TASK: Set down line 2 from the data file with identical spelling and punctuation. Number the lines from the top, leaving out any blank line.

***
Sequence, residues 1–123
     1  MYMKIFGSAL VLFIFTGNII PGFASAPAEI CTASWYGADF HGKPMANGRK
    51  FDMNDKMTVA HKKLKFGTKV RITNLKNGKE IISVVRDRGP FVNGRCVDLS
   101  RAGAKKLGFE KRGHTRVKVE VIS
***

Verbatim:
     1  MYMKIFGSAL VLFIFTGNII PGFASAPAEI CTASWYGADF HGKPMANGRK